Monday, 16 September 2013

Photographs and archaeology at the Messines Model

One of the more well known tales of the Model of Messines on Cannock Chase is the story of its use as a tourist attraction between the wars, when the custodian had a tin hut at one corner of the model and would give tours for a charge of six pence. In fact earlier in the week we had a visit from a gentleman who had taken the tour with his father in the 1930's and a relative of the custodian has made several visits to observe our progress.

Our amateur historians, Lee and Richard have been studying the photographs of the hut and working out where it was situated, by comparison to the existing landscape and the remains of the model as our team uncover them. Careful study of these small images has revealed vital elements of the history of the terrain model.

In one corner we have uncovered a very solid concrete construction and in the top soil close to the banking a small collection of debris including a bucket handle, bottle tops and broken glass, contemporary with the period the hut was in use. There are also traces of what could be the remains of the floor of the hut. Were these concrete blocks added to support the small hut? They are very solid and the presence of two post notches suggest that they may have been reused in situ rather than built for the hut. Perhaps part of a viewing platform for the troops? We know from photographs of the terrain models in Flanders, that they included a raised wooden platform for troops to view the model from above, was a similar arrangement in place here? We hope the archaeology will reveal the answer as we continue to excavate.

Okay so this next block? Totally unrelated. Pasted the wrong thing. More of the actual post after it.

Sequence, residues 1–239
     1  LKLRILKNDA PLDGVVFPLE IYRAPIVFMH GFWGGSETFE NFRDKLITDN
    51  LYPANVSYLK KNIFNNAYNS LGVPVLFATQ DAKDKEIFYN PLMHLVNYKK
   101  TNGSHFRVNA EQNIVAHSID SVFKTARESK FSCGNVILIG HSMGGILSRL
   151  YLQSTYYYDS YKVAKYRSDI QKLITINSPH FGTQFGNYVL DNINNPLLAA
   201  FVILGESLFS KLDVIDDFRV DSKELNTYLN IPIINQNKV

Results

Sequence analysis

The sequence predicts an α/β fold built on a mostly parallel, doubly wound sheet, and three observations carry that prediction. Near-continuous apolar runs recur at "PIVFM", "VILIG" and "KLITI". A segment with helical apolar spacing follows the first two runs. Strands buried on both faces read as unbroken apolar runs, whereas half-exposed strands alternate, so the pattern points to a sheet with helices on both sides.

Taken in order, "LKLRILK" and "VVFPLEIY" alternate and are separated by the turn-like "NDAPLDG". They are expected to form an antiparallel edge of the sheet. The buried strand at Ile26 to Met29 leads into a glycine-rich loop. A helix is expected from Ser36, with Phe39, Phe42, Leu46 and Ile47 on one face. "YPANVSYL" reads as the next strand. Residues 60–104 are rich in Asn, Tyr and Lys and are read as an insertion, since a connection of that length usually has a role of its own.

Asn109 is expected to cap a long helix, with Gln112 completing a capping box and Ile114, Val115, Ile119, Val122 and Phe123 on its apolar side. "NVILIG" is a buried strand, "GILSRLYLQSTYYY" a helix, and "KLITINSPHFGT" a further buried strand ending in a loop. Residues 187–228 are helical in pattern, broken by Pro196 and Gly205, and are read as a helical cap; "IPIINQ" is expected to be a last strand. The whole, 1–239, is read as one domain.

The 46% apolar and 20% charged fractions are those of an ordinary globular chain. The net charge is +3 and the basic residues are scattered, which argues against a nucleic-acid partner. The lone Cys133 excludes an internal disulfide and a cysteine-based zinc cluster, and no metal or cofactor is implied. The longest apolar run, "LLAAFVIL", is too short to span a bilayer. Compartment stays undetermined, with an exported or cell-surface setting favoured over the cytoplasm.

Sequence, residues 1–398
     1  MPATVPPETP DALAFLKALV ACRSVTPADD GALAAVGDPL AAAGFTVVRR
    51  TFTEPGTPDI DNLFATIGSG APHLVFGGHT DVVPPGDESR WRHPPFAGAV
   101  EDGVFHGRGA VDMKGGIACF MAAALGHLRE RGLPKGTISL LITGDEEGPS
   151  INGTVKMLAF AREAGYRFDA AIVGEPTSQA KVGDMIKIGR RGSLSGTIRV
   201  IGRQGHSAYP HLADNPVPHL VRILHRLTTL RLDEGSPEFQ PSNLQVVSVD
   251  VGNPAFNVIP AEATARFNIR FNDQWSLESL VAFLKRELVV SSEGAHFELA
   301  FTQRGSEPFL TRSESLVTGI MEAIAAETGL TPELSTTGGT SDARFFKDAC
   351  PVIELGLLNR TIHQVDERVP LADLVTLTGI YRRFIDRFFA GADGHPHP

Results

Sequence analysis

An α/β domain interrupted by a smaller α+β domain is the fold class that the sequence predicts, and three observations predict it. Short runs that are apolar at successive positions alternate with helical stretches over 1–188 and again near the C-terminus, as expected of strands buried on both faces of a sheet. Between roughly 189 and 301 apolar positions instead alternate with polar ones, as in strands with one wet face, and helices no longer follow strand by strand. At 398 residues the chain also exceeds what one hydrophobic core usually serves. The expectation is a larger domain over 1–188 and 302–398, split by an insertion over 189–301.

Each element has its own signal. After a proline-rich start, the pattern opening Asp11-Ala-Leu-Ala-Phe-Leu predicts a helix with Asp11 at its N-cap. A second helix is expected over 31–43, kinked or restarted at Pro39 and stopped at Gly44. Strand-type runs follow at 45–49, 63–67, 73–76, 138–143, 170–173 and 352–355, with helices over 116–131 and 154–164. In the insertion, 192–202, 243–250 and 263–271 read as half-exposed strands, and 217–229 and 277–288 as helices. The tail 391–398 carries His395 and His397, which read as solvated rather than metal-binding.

If anyone can help answer this question, please get in touch.

For a closer look at the 1930's photos please see

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